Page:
JEFFERSON CITY - Some state lawmakers say Missouri taxpayers, not government, could forseeably pocket the millions of dollars the tobacco industry has agreed to dole out following what could be the largest civil settlement in United States history.
"I think you could make a real good case that the tobacco money will ultimately be refunded to the people," said Sen. Steve Ehlmann.
Attorney General Jay Nixon has until noon on Friday to accept a tobacco industry proposal that would allow the state to collect 6.7 billion dollars - Missouri's cut of the 206 billion dollar proposal - over the course of 25 years.
If Nixon assents to the proposal, thereby raising the sluice for tobacco revenue to seep into Missouri, one of the first steps would be to determine if the state's Hancock amendment would preside over the distribution of the revenue.
Triggering the Hancock amendment, which blocks expansion of government by imposing a revenue limit for the state, would ensure at least a portion of the revenue would be refunded to taxpayers.
Legislative leaders anticipate state revenue will be at or near the Hancock lid for the next several years.
"It's pretty clear the only exception to the Hancock amendment is federal funds," Ehlmann said. "These would not be federal funds. It's going to trip the amendment and cause refunds."
Despite Ehlmann's contention, the state's Division of Budget and Planning may be able to sidestep the amendment. Mark Ward, the State Budget Director, says funds acquired from the tobacco industry would be earmarked as reimbursement for state programs and therefore not be considered an accruement of state revenue.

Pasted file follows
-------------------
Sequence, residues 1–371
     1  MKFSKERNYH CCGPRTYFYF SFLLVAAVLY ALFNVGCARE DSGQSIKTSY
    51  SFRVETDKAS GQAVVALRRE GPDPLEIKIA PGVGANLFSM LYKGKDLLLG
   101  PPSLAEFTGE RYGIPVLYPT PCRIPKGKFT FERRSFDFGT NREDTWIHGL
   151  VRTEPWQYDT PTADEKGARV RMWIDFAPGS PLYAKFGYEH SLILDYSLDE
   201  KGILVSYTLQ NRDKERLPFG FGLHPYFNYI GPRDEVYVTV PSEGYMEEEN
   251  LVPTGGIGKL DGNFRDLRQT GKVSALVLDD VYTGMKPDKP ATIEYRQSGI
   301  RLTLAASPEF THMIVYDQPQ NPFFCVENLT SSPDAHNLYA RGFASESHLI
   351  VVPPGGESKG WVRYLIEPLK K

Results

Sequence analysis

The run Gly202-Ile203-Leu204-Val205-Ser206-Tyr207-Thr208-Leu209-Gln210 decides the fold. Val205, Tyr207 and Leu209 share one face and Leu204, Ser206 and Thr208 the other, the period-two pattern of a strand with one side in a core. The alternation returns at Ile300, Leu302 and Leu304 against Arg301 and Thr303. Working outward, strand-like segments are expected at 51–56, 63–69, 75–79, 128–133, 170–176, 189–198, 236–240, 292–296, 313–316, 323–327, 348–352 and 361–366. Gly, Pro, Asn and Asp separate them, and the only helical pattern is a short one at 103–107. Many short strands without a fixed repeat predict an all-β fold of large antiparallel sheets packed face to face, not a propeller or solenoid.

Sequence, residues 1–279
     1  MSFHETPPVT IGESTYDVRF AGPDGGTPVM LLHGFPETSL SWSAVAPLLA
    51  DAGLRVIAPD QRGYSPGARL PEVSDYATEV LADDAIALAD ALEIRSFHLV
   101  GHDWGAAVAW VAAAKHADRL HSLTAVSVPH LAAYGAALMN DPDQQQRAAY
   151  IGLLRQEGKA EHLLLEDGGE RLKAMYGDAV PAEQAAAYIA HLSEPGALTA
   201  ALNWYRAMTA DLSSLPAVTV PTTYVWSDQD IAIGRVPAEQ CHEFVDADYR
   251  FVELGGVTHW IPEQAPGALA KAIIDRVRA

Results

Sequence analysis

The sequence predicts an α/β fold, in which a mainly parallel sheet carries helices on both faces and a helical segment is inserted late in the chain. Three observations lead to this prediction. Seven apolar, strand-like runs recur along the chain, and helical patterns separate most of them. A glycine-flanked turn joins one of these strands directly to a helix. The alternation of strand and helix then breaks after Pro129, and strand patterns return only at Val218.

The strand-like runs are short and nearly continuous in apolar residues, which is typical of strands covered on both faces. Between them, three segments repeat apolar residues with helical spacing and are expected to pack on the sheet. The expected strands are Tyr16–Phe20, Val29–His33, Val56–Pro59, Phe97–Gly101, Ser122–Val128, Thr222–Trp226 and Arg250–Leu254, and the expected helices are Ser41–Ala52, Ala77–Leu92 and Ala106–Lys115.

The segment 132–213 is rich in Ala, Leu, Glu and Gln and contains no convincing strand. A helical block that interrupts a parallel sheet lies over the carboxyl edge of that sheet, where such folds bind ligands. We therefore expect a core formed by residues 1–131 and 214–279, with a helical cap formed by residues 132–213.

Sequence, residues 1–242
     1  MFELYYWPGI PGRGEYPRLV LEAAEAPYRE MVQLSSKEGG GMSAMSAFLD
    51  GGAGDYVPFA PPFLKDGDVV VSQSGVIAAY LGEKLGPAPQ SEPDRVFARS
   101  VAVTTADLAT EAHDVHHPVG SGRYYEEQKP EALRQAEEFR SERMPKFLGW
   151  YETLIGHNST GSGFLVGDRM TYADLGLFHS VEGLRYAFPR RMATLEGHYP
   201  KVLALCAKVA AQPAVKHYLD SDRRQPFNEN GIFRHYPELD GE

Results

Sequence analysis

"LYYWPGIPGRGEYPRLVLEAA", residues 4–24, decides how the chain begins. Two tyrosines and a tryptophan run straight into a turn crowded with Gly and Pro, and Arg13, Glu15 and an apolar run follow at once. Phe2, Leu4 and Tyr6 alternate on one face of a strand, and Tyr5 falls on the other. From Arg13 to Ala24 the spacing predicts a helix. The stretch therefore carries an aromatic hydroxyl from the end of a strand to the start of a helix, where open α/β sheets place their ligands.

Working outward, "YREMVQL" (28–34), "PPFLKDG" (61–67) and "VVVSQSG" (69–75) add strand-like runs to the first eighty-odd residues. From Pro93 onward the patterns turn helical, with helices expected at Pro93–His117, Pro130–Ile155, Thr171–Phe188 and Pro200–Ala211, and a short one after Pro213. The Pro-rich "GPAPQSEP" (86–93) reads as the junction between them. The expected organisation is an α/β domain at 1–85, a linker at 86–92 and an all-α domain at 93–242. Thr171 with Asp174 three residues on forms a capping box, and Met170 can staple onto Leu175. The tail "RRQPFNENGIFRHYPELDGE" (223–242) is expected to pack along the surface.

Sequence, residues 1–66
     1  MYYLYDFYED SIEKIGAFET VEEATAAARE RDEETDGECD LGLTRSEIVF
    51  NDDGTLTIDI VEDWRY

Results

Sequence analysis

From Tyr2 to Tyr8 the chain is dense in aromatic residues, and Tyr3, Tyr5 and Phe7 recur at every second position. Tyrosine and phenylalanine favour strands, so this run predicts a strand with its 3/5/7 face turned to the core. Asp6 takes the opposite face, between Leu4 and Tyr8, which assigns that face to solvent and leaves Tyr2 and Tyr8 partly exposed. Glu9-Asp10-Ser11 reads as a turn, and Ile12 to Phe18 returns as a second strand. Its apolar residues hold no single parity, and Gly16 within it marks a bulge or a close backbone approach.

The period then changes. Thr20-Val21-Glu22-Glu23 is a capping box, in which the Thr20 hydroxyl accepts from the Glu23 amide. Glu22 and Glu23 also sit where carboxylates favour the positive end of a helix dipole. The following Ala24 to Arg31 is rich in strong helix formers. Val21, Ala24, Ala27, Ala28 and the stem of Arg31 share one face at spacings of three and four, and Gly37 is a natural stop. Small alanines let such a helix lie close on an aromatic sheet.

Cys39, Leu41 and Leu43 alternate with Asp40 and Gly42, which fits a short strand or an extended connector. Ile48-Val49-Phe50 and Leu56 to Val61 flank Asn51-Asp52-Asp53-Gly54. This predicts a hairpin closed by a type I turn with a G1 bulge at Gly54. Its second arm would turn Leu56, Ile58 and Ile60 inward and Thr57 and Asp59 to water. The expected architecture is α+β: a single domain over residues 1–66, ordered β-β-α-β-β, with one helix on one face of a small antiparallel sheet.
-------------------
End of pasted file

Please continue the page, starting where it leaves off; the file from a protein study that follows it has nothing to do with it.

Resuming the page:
"The settlement is to reimburse the state for costs to the medicaid program," Ward said. "These funds are responsible for replacing or recovering those costs. There is a long standing exclusion [to the amendment] for these cost recovery funds."
Most likely, the allotment of the tobacco revenue will not be considered until after the Friday decision. Some legislators, like House Minority Leader Delbert Scott, are warily counting on the additional revenue - if not subject to refund - to fund existing state programs, like infrastructure and education.
"You're talking about major, major bucks," said Sen. James Mathewson, who once introduced a resolution - never approved - that would have categorized settlements related to the health issues of smoking as federal funds, and thus not be subject to appropriation. "Whenever you get into major bucks, everybody will want to get their hand in."